Strickland wants more free trade agreements like NAFTA. As Tacoma’s mayor, Strickland actively campaigned for passage of “fast track” authority to approve the Trans-Pacific Partnership (TPP), a business-backed free trade proposal that was aggressively opposed by labor and environmental groups. Had it passed, the TPP would have expanded the North American Free Trade Agreement’s job-killing policies worldwide. U.S. Rep. Denny Heck (D-10th), who Strickland hopes to replace in Congress, voted against the TPP.

Doglio wants to make sure corporations and wealthy CEOs pay their fair share. She says that companies like Amazon, Facebook and Microsoft — ones “that are very much profiting from this pandemic” — should pay more to support public assistance programs and other priorities, such as health care. Last year, Doglio sponsored legislation to raise taxes on high-earning CEOs and use the revenue to provide a tax break for low-income families. She also voted to tax out-of-state banks to help fund public schools and other critical state services.

Strickland has opposed taxes on Amazon and other big businesses. As CEO of the Seattle Chamber in 2018, Strickland aggressively fought to repeal a city tax that targeted Amazon and other large businesses to pay for affordable housing and homeless service programs. The following year, under her direction, the Seattle Chamber PAC spent an unprecedented $2.5 million (mostly from Amazon) to support pro-business challengers to pro-worker City Council members. After that effort failed, she resigned as CEO and announced she was running for Congress.

Doglio believes health care is a human right. She minces no words on the subject: “Health care is a human right – and one’s quality of care and access to treatment shouldn’t be determined by their ability to pay.” Doglio supports Medicare for All, creating a public single-payer system that provides health care coverage for everyone. As a legislator, Doglio co-sponsored bills to create an affordable public option for individual health insurance coverage and to create greater transparency for prescription drug costs and hold the drug companies accountable. “We need to take on Big Pharma and the out-of-control prices and CEO salaries at ‘non-profit’ hospitals,” Doglio said. “It’s time for the federal government to be able to negotiate drug prices for Medicare, for Americans to be able to import drugs from other countries, and to put an end to pharmaceutical price gouging.”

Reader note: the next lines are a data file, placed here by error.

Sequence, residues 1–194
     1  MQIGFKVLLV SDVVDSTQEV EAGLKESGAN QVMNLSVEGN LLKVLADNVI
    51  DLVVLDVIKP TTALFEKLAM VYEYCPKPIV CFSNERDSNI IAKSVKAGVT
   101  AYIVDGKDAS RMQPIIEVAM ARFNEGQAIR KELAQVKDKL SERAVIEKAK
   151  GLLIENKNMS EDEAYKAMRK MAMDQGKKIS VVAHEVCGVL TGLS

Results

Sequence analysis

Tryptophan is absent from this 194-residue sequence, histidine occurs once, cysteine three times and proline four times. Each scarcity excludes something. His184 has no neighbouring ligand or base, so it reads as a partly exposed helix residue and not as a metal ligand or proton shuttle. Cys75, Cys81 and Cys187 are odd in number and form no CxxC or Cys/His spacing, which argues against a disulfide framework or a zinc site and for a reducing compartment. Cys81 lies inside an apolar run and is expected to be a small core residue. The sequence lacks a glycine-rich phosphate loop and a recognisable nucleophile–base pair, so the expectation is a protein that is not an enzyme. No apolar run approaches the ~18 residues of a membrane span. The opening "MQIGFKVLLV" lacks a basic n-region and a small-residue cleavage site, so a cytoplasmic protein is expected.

Strickland supports a more incremental approach to health care. She says she wants to make incremental improvements to the Affordable Care Act, but does not support Medicare for All.

Workers need an advocate in Congress to advance our interests, not one who tries to stall, slow or weaken progress that would make lives better. That’s why Beth Doglio has earned the endorsement of the Washington State Labor Council, AFL-CIO.

April Sims is Secretary-Treasurer of the Washington State Labor Council, AFL-CIO. Joe Mizrahi is Secretary-Treasurer of UFCW 21.